"In the last decade, Boston had the biggest population growth of all US cities included in this study, thanks to robust economic growth, a highly educated work force, and good job prospects, particularly in technology and the life sciences. This increased demand for property fueled prices, which rose by more than 3% per year following the start of the boom in 2012. Despite some temporary market weakness during the pandemic—rents hit a 5-year-low in the first quarter of 2021—housing demand remains strong. Over the last four quarters, sales activity has reached the highest level in more than 15 years, and price growth has accelerated to 6%. The economic rebound, combined with high local venture capital investments, should support higher prices in the coming quarters" --UBS Group

In 2017, I wrote this article "Are We in a Bubble Now?" about the Greater Boston real estate market and re-published it in 2019. Since 2015, many buyers have been asking the same questions consistently every year. Most run along the lines of, "are we at the peak " or "is the market over-valued," etc. Lurking behind these fears were concerns about the recessions. So in 2019, I have also published the articles "Recession Obsession" and "Is it Good to Buy Boston Real Estate Now." Since then we have experienced Covid, followed by one of the strongest market bouncebacks the Greater Boston market has ever seen, and consistent growth in most areas.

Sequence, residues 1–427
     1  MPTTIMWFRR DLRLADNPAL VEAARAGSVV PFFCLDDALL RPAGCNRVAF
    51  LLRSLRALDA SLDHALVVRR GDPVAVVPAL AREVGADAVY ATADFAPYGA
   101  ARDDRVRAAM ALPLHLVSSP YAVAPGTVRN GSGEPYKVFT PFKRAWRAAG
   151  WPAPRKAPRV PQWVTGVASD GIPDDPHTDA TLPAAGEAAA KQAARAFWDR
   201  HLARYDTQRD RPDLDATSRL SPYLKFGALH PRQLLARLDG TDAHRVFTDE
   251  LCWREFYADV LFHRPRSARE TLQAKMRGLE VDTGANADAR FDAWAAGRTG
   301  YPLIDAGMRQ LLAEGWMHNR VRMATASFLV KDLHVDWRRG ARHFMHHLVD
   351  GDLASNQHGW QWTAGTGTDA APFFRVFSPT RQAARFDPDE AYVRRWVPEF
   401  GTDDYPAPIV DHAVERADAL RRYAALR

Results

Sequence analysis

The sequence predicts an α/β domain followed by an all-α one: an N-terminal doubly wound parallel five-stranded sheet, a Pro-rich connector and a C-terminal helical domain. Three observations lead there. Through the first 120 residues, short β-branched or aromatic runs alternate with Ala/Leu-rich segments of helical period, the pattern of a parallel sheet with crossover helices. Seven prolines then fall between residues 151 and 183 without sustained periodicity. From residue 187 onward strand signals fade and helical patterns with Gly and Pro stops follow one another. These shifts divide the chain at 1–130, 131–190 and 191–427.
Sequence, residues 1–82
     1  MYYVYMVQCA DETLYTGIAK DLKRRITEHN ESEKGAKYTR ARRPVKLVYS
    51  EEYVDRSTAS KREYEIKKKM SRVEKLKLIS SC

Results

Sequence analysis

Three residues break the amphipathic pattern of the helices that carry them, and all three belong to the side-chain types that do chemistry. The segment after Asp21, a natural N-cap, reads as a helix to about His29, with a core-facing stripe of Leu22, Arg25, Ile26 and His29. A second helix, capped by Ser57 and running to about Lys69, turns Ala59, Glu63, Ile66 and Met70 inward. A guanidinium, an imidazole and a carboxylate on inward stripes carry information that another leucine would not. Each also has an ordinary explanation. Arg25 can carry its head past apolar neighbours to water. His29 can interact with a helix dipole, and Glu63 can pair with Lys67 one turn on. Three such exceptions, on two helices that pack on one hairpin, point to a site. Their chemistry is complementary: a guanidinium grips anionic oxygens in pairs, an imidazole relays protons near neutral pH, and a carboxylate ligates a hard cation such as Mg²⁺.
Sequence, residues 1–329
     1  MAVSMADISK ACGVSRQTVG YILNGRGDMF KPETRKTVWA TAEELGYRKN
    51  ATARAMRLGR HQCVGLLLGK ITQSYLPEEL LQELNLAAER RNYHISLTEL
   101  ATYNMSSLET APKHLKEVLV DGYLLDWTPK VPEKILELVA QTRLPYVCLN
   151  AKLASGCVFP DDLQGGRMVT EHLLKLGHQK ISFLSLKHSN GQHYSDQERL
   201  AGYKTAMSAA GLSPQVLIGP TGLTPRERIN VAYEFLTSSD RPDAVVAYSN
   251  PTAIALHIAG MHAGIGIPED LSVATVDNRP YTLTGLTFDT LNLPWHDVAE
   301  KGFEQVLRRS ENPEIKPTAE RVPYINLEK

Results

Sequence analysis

As I re-read these articles, it's interesting to me that a lot of these ideas still apply today (in November 2021 when I'm writing this). No one has the crystal ball about the future. We can't presume that history will necessarily repeat itself, and prices are indeed once again at an all time high. What we can do is evaluate based on our needs and opportunity costs and make informed decisions based on data. There will be some properties that are worth buying, and some that are not, and owner occupants often use different calculations than investor buyers. It's never a simple story or formula, but many calculations involving thorough analysis behind someone's financial picture. But in my opinion, prices are likely to grow if demand continues to outpace the supply, and many hot markets still experience frequent multiple offer sitations.
Check out my article Is It Better to Buy or Rent in the Greater Boston Area.